In Brazil, stroke rehabilitation commences later and continues well into the chronic phase [7]. As a result, it is possible that these stroke survivors are even more deconditioned than the inpatient survivors [8, 9]. Targeting cardiorespiratory fitness during outpatient rehabilitation in the chronic phase is, therefore, of paramount importance. At this stage, recovery of motor impairments, such as weakness, has largely taken place with strength of large muscle mass enough to enable walking at an intensity sufficient to promote cardiorespiratory stress. The inclusion of cardiorespiratory training in this phase of stroke recovery could positively influence the overall health [10], physical activity levels [11] integration into the community, and ultimately quality of life [12].

Therefore, the aim of this study was to determine whether physiotherapy rehabilitation in the chronic phase of stroke provided enough stress in terms of duration (>10 min) and intensity (>40% of HRR) to induce cardiorespiratory benefits.

Methods

Design

A cross-sectional observational study with repeated measures was carried out. Participants were a sample of convenience recruited from three metropolitan outpatient clinics, one public and two private. Two sessions of physiotherapy rehabilitation, at least one week apart, of at least 40 min duration were observed for each participant. There was no attempt to influence the content of physiotherapy intervention, ie, the sessions observed were of routine physiotherapy. While both patients and therapists were aware that they were being observed, they were blind to the objectives of the study, and were asked to carry on as normal. The duration (time) and intensity (%HRR) of activities undertaken by the participants during these sessions were collected. This study was approved by the Research Ethical Review Board of the Pontificia Universidade Católica de Minas Gerais and all participants provided written consent, prior to data collection.

Participants

Volunteers were included if they had at least six months after the onset of a unilateral stroke; were clinically stable; were undergoing physiotherapy rehabilitation; had no cognitive deficits, as defined by their Mini-Mental State Examination scores >24 [13]; and had no other neurological or orthopedic conditions. Characteristics such as age, sex, body mass, height, time since the onset of the stroke, side of hemiparesis, number and type of medications, walking speed (10-m Walk Test) [14,15], and levels of independence (Barthel Index) [16], were collected for characterization purposes.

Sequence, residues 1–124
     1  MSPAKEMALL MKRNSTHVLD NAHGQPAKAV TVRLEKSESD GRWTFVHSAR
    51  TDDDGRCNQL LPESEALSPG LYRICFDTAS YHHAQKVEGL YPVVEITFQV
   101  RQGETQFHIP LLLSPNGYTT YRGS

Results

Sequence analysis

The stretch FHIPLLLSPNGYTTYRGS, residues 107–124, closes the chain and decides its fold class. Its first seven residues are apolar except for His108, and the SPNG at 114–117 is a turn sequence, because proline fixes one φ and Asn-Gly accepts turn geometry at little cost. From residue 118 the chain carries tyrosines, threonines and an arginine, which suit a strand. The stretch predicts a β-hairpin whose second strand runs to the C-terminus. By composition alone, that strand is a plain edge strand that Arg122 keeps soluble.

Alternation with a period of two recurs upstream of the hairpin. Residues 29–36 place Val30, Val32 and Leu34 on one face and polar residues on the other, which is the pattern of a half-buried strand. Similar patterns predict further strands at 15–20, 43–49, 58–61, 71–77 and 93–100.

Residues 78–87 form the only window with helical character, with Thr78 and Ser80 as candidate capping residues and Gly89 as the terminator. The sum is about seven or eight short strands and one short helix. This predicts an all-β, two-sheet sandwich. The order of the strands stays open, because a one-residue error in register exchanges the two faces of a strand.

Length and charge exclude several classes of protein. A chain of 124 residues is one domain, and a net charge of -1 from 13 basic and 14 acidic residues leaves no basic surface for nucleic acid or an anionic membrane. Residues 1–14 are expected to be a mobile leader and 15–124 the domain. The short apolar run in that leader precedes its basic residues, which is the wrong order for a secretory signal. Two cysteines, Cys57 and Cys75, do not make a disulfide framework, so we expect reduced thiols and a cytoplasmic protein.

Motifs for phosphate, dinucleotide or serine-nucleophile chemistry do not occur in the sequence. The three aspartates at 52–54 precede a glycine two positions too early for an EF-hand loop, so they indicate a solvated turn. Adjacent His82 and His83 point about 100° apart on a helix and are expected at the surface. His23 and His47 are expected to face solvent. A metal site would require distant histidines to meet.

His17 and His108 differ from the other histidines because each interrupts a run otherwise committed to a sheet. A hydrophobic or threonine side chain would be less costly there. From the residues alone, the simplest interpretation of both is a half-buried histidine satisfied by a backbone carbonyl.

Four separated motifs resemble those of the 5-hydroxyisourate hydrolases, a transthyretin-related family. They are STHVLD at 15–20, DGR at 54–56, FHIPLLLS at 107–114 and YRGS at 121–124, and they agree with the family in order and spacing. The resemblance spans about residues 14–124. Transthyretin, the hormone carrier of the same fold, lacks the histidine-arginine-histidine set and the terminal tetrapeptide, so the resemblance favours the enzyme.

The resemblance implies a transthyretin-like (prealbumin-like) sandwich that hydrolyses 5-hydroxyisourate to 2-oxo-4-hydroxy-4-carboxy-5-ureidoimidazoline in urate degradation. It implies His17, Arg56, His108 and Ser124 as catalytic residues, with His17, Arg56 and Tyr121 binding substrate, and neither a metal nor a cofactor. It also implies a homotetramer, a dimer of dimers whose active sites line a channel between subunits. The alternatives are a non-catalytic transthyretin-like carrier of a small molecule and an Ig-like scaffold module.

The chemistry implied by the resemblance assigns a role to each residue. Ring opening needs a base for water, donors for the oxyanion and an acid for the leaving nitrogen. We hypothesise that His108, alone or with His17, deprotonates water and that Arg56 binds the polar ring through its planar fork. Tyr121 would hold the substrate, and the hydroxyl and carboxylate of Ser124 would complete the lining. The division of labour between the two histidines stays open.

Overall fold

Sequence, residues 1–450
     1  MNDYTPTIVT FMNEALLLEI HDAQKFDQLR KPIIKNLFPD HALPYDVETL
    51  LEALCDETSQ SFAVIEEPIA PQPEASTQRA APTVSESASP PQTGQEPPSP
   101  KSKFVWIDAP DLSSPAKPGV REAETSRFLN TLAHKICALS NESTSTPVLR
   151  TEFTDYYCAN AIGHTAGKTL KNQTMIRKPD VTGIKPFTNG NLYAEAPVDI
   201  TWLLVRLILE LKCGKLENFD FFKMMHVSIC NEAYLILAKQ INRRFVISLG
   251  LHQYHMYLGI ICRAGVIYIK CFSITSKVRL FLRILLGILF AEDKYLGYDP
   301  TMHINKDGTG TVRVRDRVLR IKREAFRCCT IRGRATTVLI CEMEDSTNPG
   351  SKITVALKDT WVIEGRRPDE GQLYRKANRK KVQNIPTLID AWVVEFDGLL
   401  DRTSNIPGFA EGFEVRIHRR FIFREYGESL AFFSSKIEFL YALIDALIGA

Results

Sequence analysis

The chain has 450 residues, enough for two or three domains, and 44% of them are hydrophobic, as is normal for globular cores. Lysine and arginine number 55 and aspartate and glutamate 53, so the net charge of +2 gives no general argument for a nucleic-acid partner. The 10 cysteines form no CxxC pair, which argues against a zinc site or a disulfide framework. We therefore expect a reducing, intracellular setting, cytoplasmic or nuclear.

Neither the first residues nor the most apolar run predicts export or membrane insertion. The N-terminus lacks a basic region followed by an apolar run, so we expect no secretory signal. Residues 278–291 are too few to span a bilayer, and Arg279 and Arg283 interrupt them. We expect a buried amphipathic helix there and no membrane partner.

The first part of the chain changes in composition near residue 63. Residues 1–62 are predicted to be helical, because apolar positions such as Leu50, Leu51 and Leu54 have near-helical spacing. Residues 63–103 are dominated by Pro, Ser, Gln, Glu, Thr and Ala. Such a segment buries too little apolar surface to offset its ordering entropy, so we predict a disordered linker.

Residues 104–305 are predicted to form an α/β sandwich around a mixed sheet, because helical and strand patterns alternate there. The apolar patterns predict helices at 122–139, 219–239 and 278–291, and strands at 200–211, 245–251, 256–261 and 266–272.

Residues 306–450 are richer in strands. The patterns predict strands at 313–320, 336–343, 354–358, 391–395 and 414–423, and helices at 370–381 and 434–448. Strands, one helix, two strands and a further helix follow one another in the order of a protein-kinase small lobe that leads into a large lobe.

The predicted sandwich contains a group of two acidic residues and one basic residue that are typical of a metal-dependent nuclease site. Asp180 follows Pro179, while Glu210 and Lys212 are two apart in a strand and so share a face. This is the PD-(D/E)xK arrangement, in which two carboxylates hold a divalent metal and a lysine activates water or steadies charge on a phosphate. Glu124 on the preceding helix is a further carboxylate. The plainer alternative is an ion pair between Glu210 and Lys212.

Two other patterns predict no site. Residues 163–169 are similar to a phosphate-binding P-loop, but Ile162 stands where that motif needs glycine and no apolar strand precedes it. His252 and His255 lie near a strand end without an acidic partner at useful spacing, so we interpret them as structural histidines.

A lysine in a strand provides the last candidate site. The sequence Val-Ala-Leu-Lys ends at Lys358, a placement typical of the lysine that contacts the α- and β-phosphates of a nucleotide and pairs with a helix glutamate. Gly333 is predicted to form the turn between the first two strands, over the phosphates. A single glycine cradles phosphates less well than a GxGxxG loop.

Measurements

Duration of activity: The duration of the total session, of the activities undertaken during the sessions, and any periods of inactivity were timed with a digital stopwatch. The activities were categorized, according to Kuys et al. [4], as follows:

Standing: standing up, standing still, shifting weight from one leg to the other, and reaching while standing;

Stepping: single stepping practice or stepping onto and off individual blocks;

Basic walking: walking on flat, firm surfaces, regardless of the walked distance or how much assistance was required;

Advanced walking: walking backwards, on uneven surfaces, outdoors, climbing stairs, or walking on the treadmill.

Upper limb: any movement performed by the paretic limb, including passive and active movements in sitting or lying positions;

Inactive: resting or not engaged in any therapeutic activities;

Intensity of activity: The intensity of the activities was measured as the percentage of the HRR. A Polar heart rate strap was applied to the participants’ chests, with the receiver placed on the non-paretic upper limb before the beginning of the sessions. Then, the resting heart rate was recorded for each participant after five minutes of sitting. Heart rate was continuously measured and manually recorded after the end of each performed activity [5]. If the activity continued for longer than 10 minutes, additional heart rate measures were recorded at 10-minute intervals. The average heart rate was calculated for each activity [4]. The 40%HRR, i.e., the minimal intensity to induce cardiorespiratory stresses, was defined by the Karvonen formula, as follows: HRtarget= [40% (HRmax-pred-HRrest)]+HRrest. The maximal age-predicted heart rate was adjusted for those participants, who were taking beta-blocker medications, as follows: (85% [220-age]) [17].

Data analysis